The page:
Molecular trees: the rational design of a self-assembling protein scaffold

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dc.contributor.advisor Squire, C en
dc.contributor.advisor Young, P en
dc.contributor.author Kerridge, Robert en
dc.date.accessioned 2017-08-14T00:32:43Z en
dc.date.issued 2017 en
dc.identifier.uri http://hdl.handle.net/2292/35064 en
dc.description Full Text is available to authenticated members of The University of Auckland only. en
dc.description.abstract There are a number of techniques available to a synthetic biologist that enable the joining together of proteins, however, until recently there were few tools that could covalently link multiple proteins together into larger assemblies. The discovery of intramolecular cross-links within the adhesin stalk domains of many Grampositive bacteria, has sparked the development of so called ‘molecular superglues’, that can be engineered from these domains to perform protein ligation. Our lab has developed a handful of protein ligation tools by splitting ester bond cross-link domains into a ‘split-ester’ domains. In previous work, these split-ester domains have demonstrated selective peptide capture and predictable multi-protein self-assembly. Within this MSc project, a handful of these split-ester domains were recombinantly engineered with the aim of developing a large supramolecular scaffold, capable of selectively capturing metabolic enzymes and ultimately – creating an assembly that mimics a naturally occurring metabolon. Here we introduce the foundations of a programable protein scaffold, capable of selectively ligating proteins together to form a predictable branching ‘tree-like’ structure. The completely assembled tree is comprised of nine proteins that are covalently secured to the scaffold by spontaneously forming ester bond cross-links. We have confirmed the presence of the complete scaffold by SDS-PAGE, and have shown it has successfully captured four GFP cargo proteins as a proof of concept. A scaffold with a single branch was investigated by small-angle X-ray scattering (SAXS) revealing a folded and stable structure with dimensions that complement the clustering of cargo-proteins or enzymes. SAXS analysis of the scaffolds components was also performed and this illustrated the dynamic folding event that takes place when a single split-ester domain captures a peptide or cargo protein. Additionally, throughout this project we have expanded the molecular superglue toolkit available to synthetic biologists. We have also gained deeper insights into the general structural properties of Gram-positive ester bond adhesin domains, that dictate whether an engineered domain will work better as a standalone protein ligation tool or as part of a cohort of self-assembling domains. These findings may guide the future discovery of more molecular superglues and provide greater control over orchestrating the assembly of supramolecular structures. en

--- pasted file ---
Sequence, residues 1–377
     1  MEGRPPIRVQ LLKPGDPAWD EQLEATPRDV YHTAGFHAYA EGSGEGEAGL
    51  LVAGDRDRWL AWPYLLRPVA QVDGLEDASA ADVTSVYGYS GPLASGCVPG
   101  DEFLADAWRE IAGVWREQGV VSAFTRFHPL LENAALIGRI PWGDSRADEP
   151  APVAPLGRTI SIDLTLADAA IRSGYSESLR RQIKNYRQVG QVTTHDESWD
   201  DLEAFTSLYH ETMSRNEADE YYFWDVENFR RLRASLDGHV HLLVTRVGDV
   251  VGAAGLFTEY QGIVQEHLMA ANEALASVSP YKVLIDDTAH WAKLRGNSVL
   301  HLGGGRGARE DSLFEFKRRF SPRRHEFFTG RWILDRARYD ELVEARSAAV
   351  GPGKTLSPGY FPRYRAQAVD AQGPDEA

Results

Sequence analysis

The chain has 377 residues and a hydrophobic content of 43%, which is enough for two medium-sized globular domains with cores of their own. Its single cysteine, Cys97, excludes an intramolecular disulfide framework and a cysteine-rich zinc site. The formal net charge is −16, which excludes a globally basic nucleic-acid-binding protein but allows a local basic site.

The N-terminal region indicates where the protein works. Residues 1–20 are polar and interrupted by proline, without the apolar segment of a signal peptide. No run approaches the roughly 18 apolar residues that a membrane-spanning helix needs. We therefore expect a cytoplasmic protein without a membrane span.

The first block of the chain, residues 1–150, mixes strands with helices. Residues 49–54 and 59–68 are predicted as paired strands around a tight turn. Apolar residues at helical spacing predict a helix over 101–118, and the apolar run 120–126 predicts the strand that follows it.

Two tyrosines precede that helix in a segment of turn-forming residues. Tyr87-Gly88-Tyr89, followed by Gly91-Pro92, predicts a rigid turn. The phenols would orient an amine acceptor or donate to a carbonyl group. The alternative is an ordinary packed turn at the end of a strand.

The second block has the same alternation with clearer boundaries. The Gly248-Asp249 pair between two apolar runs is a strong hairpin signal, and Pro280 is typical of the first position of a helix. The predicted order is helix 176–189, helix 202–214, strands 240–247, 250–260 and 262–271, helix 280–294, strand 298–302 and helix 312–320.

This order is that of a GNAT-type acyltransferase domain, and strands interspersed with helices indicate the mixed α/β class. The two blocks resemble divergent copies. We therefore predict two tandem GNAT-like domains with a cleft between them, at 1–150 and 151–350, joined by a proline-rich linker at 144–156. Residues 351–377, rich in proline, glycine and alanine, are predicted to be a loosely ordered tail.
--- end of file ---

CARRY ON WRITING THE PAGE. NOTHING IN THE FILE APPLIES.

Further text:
dc.publisher ResearchSpace@Auckland en
dc.relation.ispartof Masters Thesis - University of Auckland en
dc.relation.isreferencedby UoA99265017214002091 en
dc.rights Items in ResearchSpace are protected by copyright, with all rights reserved, unless otherwise indicated. Previously published items are made available in accordance with the copyright policy of the publisher. en
dc.rights Restricted Item. Available to authenticated members of The University of Auckland. en
dc.rights Restricted Item. Full Text is available to authenticated members of The University of Auckland only. en
dc.rights.uri https://researchspace.auckland.ac.nz/docs/uoa-docs/rights.htm en
dc.rights.uri http://creativecommons.org/licenses/by-nc-sa/3.0/nz/ en
dc.title Molecular trees: the rational design of a self-assembling protein scaffold en
dc.type Thesis en
thesis.degree.discipline Biological Sciences en
thesis.degree.grantor The University of Auckland en
thesis.degree.level Masters en
dc.rights.holder Copyright: The author en
pubs.elements-id 648418 en
pubs.record-created-at-source-date 2017-08-14 en


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